A new Cladocora caespitosa population with unique ecological traits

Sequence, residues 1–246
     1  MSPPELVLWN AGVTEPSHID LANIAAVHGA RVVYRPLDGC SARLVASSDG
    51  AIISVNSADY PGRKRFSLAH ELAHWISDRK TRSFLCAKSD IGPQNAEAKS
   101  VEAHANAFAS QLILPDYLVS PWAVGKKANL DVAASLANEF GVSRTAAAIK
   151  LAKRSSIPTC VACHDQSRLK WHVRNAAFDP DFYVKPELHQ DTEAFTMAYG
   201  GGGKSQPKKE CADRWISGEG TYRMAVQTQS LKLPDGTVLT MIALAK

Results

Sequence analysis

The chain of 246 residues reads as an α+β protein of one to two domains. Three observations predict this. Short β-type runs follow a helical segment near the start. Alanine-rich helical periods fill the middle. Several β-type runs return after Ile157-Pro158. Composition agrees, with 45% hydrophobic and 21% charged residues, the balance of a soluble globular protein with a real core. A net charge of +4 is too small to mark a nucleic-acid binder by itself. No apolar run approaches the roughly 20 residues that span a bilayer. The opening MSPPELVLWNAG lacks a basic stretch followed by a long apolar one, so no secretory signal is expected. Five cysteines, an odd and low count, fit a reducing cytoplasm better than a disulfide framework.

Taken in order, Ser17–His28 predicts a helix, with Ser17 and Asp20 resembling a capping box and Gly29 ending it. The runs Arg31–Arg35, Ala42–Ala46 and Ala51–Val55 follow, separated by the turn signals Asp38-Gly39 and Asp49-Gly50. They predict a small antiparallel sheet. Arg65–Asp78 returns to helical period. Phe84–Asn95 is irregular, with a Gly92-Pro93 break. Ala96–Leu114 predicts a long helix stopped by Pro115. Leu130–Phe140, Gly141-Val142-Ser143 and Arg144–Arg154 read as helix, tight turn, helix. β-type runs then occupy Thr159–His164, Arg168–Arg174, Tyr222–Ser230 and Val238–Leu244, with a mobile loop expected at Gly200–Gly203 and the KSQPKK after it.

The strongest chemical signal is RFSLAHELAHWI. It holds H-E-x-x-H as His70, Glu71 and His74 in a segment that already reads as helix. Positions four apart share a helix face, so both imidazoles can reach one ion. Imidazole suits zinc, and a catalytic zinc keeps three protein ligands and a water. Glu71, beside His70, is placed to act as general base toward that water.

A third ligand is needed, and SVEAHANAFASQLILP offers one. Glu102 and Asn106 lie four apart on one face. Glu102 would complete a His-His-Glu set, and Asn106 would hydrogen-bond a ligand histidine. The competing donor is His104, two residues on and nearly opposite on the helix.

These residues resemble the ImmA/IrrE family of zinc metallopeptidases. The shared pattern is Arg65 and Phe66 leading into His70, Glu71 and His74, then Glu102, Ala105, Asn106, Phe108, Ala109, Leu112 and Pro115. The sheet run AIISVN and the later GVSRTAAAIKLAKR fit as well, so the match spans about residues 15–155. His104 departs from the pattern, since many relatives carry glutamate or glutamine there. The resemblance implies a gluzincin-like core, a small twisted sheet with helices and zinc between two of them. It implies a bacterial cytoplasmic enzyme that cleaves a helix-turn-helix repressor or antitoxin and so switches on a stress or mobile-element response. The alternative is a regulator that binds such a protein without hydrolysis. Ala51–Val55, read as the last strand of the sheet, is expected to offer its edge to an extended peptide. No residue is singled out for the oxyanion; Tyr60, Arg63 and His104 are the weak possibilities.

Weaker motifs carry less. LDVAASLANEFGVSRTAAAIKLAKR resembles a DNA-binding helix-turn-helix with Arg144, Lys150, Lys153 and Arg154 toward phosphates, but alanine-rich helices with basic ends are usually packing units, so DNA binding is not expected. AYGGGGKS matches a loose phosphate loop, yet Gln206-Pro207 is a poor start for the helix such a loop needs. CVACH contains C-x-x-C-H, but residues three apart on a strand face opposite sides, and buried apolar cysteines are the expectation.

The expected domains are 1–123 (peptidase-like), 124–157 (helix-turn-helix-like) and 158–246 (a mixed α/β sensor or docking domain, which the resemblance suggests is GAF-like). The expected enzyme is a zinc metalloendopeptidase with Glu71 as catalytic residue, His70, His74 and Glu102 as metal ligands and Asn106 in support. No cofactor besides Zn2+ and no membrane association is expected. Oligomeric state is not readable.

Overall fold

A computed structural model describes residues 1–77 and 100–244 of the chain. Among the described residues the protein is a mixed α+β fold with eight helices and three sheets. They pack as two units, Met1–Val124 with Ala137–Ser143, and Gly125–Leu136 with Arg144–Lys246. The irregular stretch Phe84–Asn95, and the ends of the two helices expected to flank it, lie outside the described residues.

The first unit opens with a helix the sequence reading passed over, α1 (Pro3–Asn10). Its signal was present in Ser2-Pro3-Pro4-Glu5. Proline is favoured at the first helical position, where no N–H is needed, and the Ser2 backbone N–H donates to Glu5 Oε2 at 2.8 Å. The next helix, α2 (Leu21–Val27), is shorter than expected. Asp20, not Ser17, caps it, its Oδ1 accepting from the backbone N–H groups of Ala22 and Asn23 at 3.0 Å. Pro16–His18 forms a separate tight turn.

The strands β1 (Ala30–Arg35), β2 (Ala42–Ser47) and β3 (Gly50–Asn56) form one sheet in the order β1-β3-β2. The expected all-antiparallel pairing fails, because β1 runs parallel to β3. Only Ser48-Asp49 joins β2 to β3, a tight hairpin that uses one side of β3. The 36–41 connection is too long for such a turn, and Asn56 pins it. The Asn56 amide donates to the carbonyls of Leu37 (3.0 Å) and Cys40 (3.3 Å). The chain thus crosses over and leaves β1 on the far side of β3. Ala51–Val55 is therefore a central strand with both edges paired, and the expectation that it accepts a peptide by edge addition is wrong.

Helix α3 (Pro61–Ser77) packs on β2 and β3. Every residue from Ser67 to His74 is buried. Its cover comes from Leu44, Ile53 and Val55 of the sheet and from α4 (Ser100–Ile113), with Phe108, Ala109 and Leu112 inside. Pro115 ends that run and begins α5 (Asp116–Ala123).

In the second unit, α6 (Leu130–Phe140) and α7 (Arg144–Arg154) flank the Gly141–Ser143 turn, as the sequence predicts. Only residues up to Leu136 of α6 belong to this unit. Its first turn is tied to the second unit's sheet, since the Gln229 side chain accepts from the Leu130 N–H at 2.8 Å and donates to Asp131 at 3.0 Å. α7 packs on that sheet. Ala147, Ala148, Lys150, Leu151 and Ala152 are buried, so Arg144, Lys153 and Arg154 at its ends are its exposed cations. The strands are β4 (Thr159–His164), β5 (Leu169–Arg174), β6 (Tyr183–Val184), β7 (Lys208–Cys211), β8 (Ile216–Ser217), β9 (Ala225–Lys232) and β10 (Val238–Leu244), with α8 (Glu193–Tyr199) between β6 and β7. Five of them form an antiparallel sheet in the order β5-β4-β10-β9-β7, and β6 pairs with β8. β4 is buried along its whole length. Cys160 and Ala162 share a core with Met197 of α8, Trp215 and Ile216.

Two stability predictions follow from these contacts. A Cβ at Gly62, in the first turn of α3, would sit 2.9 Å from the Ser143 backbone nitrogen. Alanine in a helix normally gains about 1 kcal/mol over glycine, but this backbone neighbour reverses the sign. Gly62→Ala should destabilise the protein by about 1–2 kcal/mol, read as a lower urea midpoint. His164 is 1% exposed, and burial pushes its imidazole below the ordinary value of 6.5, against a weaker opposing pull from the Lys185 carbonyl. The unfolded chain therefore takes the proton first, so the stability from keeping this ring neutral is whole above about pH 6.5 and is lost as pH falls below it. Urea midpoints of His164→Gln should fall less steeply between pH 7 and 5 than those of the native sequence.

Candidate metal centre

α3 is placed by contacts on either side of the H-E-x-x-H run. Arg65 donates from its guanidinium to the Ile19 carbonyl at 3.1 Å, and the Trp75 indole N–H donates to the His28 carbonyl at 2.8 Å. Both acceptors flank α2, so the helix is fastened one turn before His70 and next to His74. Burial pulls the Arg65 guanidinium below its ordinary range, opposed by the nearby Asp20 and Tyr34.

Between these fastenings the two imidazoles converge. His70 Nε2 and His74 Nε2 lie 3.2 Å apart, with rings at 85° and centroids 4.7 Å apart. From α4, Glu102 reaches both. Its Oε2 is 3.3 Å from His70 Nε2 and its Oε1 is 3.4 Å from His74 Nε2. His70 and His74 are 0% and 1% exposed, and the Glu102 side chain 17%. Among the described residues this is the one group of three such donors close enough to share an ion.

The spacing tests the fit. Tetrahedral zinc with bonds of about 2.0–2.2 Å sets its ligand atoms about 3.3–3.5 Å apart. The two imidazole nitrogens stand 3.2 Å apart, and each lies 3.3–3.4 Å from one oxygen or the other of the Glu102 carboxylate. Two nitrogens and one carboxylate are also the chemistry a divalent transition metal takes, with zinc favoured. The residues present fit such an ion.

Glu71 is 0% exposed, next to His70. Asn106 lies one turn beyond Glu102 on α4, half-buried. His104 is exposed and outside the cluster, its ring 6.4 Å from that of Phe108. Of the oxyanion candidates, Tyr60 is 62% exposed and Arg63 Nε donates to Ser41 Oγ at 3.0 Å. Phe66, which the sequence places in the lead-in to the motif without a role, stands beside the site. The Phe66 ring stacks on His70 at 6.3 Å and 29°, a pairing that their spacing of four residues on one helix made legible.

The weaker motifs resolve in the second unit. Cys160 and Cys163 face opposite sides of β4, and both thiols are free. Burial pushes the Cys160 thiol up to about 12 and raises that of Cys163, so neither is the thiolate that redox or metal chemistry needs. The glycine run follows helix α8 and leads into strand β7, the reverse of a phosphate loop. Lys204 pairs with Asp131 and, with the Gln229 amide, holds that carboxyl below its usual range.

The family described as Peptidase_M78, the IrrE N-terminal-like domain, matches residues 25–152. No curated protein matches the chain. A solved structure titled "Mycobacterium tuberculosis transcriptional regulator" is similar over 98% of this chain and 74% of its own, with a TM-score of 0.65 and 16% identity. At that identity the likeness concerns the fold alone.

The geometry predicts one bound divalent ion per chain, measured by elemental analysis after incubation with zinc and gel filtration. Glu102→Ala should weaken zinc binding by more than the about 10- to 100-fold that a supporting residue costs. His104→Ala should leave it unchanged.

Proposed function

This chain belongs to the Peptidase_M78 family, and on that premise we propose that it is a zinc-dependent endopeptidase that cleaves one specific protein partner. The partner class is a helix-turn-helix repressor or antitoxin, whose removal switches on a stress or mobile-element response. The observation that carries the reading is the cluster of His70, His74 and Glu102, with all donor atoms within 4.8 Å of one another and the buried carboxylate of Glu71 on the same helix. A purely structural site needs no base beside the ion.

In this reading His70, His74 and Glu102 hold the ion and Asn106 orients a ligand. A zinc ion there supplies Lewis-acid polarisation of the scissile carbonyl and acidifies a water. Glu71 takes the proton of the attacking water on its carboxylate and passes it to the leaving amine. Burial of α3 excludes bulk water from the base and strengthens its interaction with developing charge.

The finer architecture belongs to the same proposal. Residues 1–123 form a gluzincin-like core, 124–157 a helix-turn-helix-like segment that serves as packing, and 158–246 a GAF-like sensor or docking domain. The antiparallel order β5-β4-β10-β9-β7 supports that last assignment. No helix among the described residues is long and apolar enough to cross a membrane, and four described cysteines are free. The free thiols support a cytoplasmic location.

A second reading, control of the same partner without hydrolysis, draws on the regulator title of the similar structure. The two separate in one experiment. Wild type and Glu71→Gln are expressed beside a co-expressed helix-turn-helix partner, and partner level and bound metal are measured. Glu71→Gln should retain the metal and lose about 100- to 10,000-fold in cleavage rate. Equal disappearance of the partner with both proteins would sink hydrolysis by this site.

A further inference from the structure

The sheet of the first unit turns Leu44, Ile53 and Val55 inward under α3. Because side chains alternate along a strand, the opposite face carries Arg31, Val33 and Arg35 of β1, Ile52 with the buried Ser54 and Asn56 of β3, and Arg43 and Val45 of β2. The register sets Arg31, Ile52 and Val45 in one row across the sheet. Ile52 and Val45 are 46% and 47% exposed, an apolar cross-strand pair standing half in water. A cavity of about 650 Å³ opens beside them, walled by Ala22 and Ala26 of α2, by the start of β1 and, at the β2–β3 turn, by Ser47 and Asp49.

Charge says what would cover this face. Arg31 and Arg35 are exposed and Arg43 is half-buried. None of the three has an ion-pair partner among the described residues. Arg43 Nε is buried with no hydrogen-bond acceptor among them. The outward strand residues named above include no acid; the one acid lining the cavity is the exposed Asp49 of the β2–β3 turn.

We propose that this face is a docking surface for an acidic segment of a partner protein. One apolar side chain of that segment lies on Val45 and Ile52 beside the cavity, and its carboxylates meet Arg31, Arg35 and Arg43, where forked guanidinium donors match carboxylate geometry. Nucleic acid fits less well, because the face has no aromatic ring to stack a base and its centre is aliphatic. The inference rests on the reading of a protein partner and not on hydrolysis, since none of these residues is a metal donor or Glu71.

The Mediterranean endemic scleractinian coral Cladocora caespitosa (L., 1767) has been recently included in the IUCN Red List as an endangered species. In this context, information on the species is urgently required to further assess its status and to determine its distribution area. This study reports on the main traits of a recently discovered C. caespitosa population in Formentera (Balearic Islands, W Mediterranean). Here, coral colonies live wrapped in Cystoseira forests thriving on rocky substrata (5 - 13 m depth), thus being a new example of the ability of C. caespitosa to build up extensive populations within algal communities. Even though coral cover reaches ~ 20 % on average, which is a remarkable figure for this species, colonies are generally small (~ 10 cm diameter on average), most probably due to partial exposure to waves and currents. The combination of hydrodynamics and the presence of algal forests in the studied site could be responsible for the high occurrence of a rare type of colony growth: free-living coral nodules or coralliths. This population is highly interesting for future monitoring owing to its unique traits, the absence of necrosis signs related to past mortality events, and its location inside a marine reserve.